Yates extends lead

Britain's rider of team Mitchelton-Scott, Simon Yates, celebrates after winning the 11th stage between Assisi and Osimo during the 101st Giro d'Italia, Tour of Italy cycling race, Wednesday. — AFP

OSIMO, Italy — Chris Froome's Giro d'Italia hopes took a killer blow Wednesday as the Briton lost even more time in the 11th stage won by overall leader Simon Yates.

The 25-year-old Yates extended his advantage as Froome, 32, lost more time and is now nearly three minutes behind his compatriot.

"I certainly haven't given up hope," insisted Froome. "I'm going to keep plugging away, I'm motivated, the team's motivated and we're going to do as much as we can."

Yates attacked on the final climb with a kilometer to ride to claim his second stage win this year, finishing two seconds ahead of defending champion Tom Dumoulin.

The Mitchelton-Scott rider extends his lead on Dutchman Dumoulin by a further six seconds to 47sec.

"Tom (Dumoulin) is the one who is worrying me, he's still too close," said Yates who is also King of the Mountains.

"He was chasing me and he looked better than other days on steep finishes. He's getting better as the race goes on.

"The Giro has been in my head since last winter. It's my objective this year."

Froome again lost steam in the final climb with the four-time Tour de France winner finishing in 42nd position, some 40 seconds behind Yates.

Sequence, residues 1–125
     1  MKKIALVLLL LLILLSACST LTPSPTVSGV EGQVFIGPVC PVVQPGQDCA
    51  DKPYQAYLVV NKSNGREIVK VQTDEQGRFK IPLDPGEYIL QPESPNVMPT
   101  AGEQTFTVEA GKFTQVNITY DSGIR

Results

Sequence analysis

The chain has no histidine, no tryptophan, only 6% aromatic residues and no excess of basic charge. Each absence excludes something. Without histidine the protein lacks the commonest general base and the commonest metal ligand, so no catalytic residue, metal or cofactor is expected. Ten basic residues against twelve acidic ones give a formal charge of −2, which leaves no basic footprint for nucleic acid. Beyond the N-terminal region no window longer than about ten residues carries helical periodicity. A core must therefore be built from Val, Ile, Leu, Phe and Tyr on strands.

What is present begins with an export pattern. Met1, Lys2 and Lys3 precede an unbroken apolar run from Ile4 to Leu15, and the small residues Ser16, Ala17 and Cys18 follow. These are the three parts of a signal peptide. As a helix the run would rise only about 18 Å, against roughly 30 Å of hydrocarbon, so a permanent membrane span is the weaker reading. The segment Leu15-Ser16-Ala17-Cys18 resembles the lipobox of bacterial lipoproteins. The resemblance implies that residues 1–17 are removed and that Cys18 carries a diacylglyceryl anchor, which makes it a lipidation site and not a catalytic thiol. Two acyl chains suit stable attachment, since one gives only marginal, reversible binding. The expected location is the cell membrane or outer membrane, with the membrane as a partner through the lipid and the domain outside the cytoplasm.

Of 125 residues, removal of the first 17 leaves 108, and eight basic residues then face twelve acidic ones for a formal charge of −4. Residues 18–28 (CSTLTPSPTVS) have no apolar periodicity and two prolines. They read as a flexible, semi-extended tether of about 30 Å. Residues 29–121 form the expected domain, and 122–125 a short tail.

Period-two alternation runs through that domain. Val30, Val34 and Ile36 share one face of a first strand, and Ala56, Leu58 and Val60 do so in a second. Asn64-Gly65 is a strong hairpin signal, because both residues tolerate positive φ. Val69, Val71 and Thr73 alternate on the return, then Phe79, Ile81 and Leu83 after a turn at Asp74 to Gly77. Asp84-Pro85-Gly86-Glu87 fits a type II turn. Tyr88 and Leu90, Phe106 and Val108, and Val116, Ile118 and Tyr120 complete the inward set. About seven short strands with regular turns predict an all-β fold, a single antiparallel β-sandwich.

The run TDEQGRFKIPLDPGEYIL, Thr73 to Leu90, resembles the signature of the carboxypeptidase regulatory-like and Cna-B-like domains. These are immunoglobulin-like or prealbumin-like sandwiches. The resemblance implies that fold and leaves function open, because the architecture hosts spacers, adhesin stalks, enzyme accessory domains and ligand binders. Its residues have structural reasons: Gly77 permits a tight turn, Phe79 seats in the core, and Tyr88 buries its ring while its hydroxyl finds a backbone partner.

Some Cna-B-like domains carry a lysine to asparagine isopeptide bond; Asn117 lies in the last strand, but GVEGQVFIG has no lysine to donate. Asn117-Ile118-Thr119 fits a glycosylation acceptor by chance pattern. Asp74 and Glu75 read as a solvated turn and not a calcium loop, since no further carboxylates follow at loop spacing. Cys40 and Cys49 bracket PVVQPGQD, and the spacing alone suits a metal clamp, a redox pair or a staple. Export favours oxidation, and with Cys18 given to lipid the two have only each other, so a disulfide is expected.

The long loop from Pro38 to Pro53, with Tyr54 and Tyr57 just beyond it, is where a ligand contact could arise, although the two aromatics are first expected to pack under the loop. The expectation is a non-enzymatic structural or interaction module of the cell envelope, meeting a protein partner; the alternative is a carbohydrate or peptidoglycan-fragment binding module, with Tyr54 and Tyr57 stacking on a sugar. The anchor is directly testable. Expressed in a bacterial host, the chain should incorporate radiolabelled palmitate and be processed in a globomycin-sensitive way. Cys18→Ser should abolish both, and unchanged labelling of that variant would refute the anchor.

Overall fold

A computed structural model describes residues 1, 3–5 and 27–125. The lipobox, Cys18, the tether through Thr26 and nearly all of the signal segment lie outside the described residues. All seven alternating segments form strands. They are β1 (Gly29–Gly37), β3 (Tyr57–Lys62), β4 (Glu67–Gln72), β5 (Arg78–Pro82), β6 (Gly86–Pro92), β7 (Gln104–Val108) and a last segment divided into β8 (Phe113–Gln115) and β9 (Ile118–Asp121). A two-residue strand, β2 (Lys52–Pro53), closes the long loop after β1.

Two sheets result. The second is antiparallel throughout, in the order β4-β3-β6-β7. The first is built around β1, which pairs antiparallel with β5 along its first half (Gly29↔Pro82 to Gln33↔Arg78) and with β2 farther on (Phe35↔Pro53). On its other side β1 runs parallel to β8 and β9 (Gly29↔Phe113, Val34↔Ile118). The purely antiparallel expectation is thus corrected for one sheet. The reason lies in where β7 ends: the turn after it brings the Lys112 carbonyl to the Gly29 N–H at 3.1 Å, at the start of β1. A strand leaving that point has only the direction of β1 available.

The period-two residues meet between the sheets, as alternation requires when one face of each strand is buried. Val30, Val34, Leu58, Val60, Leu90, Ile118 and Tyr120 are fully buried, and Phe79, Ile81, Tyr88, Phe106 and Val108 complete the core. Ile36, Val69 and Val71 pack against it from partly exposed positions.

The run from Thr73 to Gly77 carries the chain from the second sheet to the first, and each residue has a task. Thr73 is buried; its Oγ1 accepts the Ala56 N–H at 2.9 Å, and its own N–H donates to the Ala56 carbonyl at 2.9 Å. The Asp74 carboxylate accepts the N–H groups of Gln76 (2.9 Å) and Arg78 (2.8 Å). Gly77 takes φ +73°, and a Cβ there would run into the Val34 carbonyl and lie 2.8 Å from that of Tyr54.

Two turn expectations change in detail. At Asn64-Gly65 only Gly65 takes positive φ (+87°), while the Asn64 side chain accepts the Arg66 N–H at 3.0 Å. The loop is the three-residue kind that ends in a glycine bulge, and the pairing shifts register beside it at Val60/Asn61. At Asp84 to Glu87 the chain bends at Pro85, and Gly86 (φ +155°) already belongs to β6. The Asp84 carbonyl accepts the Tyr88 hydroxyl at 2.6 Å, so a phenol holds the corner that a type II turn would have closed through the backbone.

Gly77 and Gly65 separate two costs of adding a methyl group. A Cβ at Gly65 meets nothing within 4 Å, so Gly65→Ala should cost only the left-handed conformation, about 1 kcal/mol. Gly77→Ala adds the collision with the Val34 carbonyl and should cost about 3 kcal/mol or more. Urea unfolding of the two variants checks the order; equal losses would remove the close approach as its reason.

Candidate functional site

Italy's Davide Formolo was third, a further three seconds behind, after the 156km hilly route from the central city of Assisi across to Osimo near the Adriatic coast.

Team Sky rider Froome has struggled at key moments since the start of the race — falling twice — and is now over three minutes off the lead.

He needs a miracle to revive his attempt to become the first rider to win three Grand Tours in a row since Frenchman Bernard Hinault in 1982/83.

He had been reduced to a spectator's role in the battle for the pink jersey which for now is a two-horse race between Yates and Dumoulin.

"It was a tough day, it wasn't as long as yesterday, but it was another pretty brutal finish," said Froome.

"I'm not going to lie, it took a whack out of me that crash before the start in Jerusalem and in this game if you're not at your absolute best there's nowhere to hide.

"I'm going to keep fighting, it's good to get this racing in the legs."

The stage crossed through the home town of Italian cyclist Michele Scarponi who was killed in a road accident a year ago.

Three breakaway riders Alessandro De Marchi, Luis Leon Sanchez and Fausto Masnada were caught five kilometers from the line before two steep climbs to the finish.

Yates, who is competing in his first Giro, has worn the leader's jersey since the arrival at the volcanic Mount Etna in Sicily last Thursday.

"We decided before the stage that we wouldn't chase because normally on such a finale there are faster guys like Tim Wellens," explained Yates.

"Other teams did that for the stage win. The plan was that if it came back I would, of course, try."

Thursday's 214km ride will be over a flat route from Osimo to Imola, two days before a gruelling mountain stage with a summit finish on Monte Zoncolan. — AFP